The present invention provides a number of different techniques for implementing a two-way Packet Data Protocol (PDP) context for bidirectional QoS negotiation and control in the UMTS 20. These techniques will be described in detail below with reference to FIGS. 3A through 7. In these figures, the CN EDGE 26 is referred to as a Serving GPRS Support Node (SGSN) and the Gateway 24 is referred to as a Gateway GPRS Support Node (GGSN).

A number of basic assumptions are made for purposes of clarity and simplicity of illustration in FIGS. 3A through 7:

1. There has been a primary or default PDP context established for MT.

2. There has been no active secondary PDP context established for the existing RSVP session.

It should also be noted that subsequent description will also illustrate cases in which an active secondary PDP context has been set up for a two-way PDP context which does not yet contain complete QoS information for both directions.

The term “outstanding PDP context transaction” is used herein to refer to an unfinished Create PDP Request procedure, Activate PDP Request procedure or Update PDP Request procedure. A two-way PDP context without a complete QoS requirement is referred to as an incomplete two-way PDP context.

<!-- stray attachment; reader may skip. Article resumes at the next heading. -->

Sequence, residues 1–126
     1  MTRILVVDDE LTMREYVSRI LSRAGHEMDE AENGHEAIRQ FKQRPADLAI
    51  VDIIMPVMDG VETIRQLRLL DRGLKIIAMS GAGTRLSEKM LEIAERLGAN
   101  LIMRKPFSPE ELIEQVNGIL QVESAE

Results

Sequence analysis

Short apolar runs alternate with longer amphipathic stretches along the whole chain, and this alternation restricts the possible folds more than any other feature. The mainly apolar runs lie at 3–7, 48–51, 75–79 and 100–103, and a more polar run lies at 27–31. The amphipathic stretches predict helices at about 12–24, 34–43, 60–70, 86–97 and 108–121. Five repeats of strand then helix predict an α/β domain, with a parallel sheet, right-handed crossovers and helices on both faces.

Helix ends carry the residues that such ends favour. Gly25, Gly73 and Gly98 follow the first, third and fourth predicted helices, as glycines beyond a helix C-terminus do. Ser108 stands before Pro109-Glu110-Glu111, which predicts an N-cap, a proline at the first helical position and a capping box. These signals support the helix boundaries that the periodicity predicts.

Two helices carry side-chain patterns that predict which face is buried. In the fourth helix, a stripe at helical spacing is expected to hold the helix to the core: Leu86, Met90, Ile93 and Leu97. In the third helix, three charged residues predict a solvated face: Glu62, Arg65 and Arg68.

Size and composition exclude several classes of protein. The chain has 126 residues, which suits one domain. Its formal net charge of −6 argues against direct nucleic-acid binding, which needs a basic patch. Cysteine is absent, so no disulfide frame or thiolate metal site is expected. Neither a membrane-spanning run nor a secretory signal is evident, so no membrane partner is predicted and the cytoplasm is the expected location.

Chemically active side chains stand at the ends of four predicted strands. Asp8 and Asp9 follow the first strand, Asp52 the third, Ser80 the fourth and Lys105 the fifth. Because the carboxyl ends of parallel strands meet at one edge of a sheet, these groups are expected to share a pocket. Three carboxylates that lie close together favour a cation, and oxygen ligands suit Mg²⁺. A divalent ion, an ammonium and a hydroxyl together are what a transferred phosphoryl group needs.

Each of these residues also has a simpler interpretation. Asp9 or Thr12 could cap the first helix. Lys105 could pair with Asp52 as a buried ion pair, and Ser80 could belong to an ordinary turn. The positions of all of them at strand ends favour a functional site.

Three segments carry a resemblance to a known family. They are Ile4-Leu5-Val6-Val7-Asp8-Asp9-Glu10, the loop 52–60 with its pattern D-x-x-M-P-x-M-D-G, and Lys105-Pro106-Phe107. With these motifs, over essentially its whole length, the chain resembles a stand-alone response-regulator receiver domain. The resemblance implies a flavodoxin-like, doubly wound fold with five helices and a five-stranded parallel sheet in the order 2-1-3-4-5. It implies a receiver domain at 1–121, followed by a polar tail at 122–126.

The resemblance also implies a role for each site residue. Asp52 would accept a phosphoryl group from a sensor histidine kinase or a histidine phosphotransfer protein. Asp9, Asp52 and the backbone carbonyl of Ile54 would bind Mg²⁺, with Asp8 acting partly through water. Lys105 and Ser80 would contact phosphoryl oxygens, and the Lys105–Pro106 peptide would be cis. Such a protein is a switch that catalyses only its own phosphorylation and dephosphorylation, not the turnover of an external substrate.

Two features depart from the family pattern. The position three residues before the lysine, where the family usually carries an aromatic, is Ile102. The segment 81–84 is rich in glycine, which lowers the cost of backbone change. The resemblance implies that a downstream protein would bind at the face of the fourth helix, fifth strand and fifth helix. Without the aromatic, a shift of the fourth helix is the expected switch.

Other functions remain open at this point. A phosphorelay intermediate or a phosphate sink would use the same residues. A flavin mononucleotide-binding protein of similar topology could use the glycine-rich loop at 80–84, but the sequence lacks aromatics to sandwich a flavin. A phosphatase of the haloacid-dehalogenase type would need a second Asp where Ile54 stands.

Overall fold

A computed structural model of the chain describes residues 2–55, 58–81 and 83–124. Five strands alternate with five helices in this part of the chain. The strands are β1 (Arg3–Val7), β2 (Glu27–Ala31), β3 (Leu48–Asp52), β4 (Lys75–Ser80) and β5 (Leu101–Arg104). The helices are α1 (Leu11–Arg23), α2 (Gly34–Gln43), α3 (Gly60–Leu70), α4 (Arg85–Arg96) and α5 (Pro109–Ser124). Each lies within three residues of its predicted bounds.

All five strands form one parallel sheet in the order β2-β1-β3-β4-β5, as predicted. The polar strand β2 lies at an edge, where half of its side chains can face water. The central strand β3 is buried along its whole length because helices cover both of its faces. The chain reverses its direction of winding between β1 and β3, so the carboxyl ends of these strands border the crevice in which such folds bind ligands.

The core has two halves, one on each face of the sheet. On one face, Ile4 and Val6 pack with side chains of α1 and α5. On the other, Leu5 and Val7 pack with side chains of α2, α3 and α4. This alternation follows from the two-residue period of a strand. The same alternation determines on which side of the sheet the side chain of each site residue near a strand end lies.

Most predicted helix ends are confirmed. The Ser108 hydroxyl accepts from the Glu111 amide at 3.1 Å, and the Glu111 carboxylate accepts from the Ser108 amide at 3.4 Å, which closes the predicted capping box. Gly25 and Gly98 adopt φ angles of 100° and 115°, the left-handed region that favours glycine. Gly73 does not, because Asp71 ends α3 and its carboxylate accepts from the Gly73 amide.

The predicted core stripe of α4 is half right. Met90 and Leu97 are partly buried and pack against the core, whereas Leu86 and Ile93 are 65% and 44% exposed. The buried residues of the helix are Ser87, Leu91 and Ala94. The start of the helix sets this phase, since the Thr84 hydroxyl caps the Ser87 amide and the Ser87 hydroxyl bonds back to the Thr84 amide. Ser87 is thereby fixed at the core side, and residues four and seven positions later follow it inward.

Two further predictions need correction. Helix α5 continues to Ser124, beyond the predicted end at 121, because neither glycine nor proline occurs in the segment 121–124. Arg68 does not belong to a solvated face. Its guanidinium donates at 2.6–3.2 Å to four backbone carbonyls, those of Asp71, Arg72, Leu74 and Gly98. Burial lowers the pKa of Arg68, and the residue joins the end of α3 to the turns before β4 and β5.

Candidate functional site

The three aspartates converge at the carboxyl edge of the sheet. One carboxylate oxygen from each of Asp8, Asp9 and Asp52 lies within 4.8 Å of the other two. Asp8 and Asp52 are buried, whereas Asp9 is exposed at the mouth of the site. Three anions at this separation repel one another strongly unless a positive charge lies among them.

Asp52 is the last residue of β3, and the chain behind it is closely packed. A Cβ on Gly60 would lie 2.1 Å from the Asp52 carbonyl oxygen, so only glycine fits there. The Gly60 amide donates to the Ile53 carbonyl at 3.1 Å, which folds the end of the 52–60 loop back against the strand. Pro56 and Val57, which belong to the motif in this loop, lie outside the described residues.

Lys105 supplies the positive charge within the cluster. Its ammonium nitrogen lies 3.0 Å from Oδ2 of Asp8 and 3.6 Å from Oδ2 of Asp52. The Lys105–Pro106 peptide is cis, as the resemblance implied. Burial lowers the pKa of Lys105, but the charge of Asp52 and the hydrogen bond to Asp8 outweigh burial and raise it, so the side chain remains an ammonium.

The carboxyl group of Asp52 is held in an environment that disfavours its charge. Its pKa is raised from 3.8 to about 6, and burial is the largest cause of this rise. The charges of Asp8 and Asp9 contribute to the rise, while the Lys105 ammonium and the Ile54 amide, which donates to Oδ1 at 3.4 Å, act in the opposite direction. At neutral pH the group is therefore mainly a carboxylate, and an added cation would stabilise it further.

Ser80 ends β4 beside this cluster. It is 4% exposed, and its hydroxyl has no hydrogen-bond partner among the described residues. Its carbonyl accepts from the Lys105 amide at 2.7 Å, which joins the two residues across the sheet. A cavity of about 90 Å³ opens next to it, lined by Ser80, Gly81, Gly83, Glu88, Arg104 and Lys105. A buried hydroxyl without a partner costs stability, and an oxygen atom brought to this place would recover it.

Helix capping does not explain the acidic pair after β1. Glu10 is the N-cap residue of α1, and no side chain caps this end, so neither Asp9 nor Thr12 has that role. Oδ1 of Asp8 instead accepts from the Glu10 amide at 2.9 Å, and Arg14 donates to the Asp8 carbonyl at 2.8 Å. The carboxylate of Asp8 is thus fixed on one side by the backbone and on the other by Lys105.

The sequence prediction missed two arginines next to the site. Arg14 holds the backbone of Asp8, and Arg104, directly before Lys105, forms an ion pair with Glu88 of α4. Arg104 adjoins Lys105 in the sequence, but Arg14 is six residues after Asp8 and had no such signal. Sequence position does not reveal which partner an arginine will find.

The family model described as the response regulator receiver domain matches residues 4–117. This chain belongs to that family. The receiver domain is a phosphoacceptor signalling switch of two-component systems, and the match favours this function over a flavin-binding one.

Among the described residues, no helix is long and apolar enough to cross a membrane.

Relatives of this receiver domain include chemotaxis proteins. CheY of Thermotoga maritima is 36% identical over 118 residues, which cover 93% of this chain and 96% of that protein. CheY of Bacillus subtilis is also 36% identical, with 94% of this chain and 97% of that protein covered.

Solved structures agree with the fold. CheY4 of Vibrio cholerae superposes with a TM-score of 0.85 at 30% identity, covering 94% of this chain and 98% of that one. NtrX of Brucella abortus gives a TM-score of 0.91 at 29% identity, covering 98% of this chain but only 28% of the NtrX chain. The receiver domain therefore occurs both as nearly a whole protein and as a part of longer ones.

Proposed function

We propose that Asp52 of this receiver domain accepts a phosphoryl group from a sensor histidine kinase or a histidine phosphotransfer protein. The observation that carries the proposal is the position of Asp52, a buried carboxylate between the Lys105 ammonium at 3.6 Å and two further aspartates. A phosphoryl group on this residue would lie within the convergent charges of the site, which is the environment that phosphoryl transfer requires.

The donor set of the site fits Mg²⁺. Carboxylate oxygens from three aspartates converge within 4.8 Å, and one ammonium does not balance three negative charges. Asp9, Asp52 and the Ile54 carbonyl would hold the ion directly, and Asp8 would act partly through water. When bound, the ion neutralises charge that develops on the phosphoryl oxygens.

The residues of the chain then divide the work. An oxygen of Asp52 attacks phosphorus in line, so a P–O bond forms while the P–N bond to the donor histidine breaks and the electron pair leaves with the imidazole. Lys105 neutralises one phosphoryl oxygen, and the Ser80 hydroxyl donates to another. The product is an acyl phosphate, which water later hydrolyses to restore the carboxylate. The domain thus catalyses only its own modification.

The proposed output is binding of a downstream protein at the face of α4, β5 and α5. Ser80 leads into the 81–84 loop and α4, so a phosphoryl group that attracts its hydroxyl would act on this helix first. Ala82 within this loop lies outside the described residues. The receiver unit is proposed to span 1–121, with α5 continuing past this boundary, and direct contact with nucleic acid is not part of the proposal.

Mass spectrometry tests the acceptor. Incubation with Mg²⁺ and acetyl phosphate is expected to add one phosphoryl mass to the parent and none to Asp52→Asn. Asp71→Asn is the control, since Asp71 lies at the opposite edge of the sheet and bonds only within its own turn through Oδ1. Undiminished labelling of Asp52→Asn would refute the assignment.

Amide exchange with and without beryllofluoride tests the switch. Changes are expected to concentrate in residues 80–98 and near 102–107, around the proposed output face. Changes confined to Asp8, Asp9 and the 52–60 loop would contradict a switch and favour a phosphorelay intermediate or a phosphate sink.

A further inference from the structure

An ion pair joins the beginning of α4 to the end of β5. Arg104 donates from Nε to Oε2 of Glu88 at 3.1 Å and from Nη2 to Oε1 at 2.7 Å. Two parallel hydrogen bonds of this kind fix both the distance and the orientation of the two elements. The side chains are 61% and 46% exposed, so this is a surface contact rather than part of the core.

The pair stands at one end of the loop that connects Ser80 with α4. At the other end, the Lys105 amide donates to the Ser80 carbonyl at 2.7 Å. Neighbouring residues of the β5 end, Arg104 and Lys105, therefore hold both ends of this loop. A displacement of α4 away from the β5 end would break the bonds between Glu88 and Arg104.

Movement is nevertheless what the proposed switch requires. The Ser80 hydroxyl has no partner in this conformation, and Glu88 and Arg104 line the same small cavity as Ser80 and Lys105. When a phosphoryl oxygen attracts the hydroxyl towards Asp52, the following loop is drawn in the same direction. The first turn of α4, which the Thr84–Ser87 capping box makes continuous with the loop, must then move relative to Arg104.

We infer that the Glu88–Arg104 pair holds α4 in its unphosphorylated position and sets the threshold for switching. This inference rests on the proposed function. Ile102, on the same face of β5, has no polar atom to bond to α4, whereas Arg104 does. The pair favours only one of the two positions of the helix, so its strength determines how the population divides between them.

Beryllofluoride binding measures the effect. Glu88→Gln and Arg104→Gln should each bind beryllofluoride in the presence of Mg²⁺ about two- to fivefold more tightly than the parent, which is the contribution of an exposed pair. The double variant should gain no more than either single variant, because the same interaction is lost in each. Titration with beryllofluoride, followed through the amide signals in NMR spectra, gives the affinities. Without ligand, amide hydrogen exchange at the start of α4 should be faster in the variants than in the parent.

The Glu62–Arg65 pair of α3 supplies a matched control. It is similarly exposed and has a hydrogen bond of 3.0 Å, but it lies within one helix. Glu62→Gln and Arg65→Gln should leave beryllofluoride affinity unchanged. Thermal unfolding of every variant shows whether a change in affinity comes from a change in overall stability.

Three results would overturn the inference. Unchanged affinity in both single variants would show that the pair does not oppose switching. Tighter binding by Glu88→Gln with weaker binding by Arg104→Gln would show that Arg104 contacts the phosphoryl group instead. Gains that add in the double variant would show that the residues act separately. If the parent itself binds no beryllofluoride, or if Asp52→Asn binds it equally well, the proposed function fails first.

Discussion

The two-way PDP context procedures of the present invention will be illustrated using two scenarios, a first scenario involving MT-only terminated RSVP, and a second scenario involving MT and GGSN terminated RSVP.

Scenario 1: MT-Only Terminated RSVP

For this scenario, it is assumed that only TE 32 and MT 30 generate RSVP signaling messages. The host within the external network 40 uses other signaling mechanisms to inform GGSN of its downlink QoS need and that such downlink QoS need is to be forwarded to MT.

FIG. 3A shows this scenario for uplink QoS. MT terminates the first-time PATH message and generates an Activate Secondary PDP Context Request message with appropriate Uplink QoS (“abc”) to SGSN which in turns generates a Create Secondary PDP Context Request message to GGSN. Note that at this point, Downlink QoS is set to “Null.” A Modify Secondary PDP Context procedure will be activated if a subsequent refresh PATH message presents different QoS or traffic specifications. In this scenario, refresh RESV messages are created carrying the new negotiated Uplink QoS (“a′b′c′”) and sent to TE as a response.

FIGS. 3B and 3C illustrate two different approaches for the Downlink QoS in this scenario. It is assumed for both approaches that a secondary PDP context exists. In both of these approaches, Uplink QoS is set to the existing “a′b′c′,” and the initial requested Downlink QoS is set to “efg.” The resulting new negotiated Downlink QoS is “e′f′g′.”

In the first approach, illustrated in FIG. 3B, MT tries to set up a secondary PDP context before generating the PATH message to TE. Note that it is assumed that the network initiated Protocol Data Unit (PDU) notification carries downlink QoS parameters to MT. The Modify Secondary PDP Context procedure may need to be used to update the Downlink QoS for the following three conditions: